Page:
Highmark-West Penn merger sets precedent for payer-provider deals


The U.S. Department of Justice's recent approval of the affiliation agreement between Highmark and Pennsylvania's West Penn Allegheny Health System--a takeover of WPAHS by the insurer--should provide guidance for future payer-provider relationships requiring federal support.

DoJ last month concluded the "affiliation agreement likely will not reduce competition in the markets for hospital, physician or health insurance services," according to a column written by Christi Braun and Farrah Short, who practice out of the Washington, D.C., office of Mintz Levin. They cited the following reasons the anti-trust agency cleared the merger:

  • Because the hospital market in the region is highly concentrated, there is not likely to be another hospital system with which Highmark can partner and vertically integrate, they wrote.
  • West Penn won't likely enter or expand with another health insurer in the region.
  • West Penn still will need to increase its patient volume--an incentive for it to offer competitive rates over other health insurers.
  • "[T]he affiliation agreement is not likely to facilitate horizontal collusion between health plans because other health insurers are actively trying to enter the market and win market share from Highmark."

The DoJ observed that other market developments are likely to improve competition, including national insurers obtaining more competitive contracts with WPAHS competitor University of Pittsburgh Medical Center, Braun and Short noted. UPMC even issued a statement, agreeing with DoJ's observation that competition in the market increased. The health system, however, maintained it would not renew its contract with Highmark because of the merger between the insurer and its rival, the Pittsburgh Post-Gazette reported.

Allegheny County chief executive said Western Pennsylvania is a unique market, compared to most in the United States, when he testified last month before the Pennsylvania Insurance Commission, urging approval of the Highmark/WPAHS affiliation proposal.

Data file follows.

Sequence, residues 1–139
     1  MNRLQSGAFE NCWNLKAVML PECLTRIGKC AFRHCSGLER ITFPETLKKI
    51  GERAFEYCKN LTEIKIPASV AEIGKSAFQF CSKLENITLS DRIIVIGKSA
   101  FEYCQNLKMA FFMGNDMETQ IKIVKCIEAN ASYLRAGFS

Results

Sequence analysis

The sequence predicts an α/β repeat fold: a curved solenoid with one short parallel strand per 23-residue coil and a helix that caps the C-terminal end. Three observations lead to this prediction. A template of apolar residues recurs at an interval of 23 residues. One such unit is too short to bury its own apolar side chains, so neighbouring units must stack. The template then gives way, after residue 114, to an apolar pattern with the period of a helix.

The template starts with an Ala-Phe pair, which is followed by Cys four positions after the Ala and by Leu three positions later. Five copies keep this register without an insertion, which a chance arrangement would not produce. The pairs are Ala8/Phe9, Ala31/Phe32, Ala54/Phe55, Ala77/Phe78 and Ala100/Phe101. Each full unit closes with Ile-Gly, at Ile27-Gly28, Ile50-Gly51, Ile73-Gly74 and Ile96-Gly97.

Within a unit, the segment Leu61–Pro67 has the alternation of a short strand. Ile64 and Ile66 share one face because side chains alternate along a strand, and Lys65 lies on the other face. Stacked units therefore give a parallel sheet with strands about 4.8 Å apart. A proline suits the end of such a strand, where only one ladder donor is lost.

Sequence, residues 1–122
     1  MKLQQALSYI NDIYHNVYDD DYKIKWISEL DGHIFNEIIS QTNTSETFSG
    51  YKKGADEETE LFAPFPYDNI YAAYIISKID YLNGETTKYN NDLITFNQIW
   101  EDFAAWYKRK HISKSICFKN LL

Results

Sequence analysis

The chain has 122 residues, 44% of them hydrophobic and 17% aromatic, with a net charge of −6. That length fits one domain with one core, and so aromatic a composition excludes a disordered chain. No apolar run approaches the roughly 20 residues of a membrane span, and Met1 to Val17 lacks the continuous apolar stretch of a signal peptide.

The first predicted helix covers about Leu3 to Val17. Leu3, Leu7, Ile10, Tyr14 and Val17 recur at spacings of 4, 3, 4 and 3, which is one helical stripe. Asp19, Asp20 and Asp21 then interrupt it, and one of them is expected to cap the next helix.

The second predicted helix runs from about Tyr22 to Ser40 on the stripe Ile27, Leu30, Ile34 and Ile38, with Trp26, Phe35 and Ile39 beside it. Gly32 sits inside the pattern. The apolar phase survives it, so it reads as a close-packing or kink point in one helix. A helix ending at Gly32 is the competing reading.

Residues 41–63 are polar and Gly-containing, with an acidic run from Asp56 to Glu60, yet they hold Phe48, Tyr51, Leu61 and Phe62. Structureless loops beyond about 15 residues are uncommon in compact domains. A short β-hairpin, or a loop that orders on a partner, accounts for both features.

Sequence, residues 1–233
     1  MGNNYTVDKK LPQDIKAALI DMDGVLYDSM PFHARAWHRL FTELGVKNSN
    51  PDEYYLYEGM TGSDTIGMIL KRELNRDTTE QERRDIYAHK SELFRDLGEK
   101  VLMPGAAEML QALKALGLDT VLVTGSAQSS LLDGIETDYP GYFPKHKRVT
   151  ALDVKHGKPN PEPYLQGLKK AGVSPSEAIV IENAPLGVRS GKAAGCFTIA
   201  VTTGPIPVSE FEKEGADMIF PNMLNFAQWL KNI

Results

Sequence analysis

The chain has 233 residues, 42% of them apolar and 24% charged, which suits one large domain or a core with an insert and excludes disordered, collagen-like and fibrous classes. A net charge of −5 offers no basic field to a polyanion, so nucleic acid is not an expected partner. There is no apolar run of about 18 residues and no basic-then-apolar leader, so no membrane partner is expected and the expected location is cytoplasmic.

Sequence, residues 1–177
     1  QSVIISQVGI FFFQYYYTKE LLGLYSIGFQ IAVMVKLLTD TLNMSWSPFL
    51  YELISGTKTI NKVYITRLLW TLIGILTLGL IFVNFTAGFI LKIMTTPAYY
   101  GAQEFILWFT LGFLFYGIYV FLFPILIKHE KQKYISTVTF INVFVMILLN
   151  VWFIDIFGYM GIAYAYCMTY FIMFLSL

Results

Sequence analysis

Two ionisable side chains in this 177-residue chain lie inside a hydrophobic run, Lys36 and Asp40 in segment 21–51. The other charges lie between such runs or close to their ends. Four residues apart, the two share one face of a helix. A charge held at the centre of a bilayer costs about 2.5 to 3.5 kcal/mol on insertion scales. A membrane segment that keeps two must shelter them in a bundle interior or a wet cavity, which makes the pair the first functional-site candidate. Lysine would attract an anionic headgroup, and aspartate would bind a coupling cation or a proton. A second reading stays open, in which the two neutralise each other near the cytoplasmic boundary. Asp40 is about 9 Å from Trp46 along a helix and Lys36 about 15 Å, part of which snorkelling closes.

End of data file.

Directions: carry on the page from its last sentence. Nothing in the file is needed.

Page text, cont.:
However, any payers and providers considering future affiliations would be wise to review the scenarios DoJ noted, as those parties may face challenges to what might appear to be an anticompetitive takeover.

2012 is likely to see several such arrangements, according to a recent PwC Health Research Institute report. In the report, PwC predicts more insurers and providers will merge in 2012. This prediction for a very active year is based, in part, on the activity from 2011, which saw several significant payer-provider mergers and acquisitions.

Despite DoJ's closing of its investigation into one of the more controversial affiliations between a payer and provider in the Highmark takeover of WPAHS, the Justice Department stated its intent to continue to monitor deals very closely. "The division remains mindful that vertical acquisitions and affiliations between health insurers and hospitals with market power can potentially reduce competition. The division will continue to monitor developments in the Pittsburgh healthcare market as part of our broader commitment to vigilantly enforce the antitrust laws and thereby protect competition in our nation's healthcare markets."

For more information:
- read the Mintz-Levin report
- see the DoJ statement

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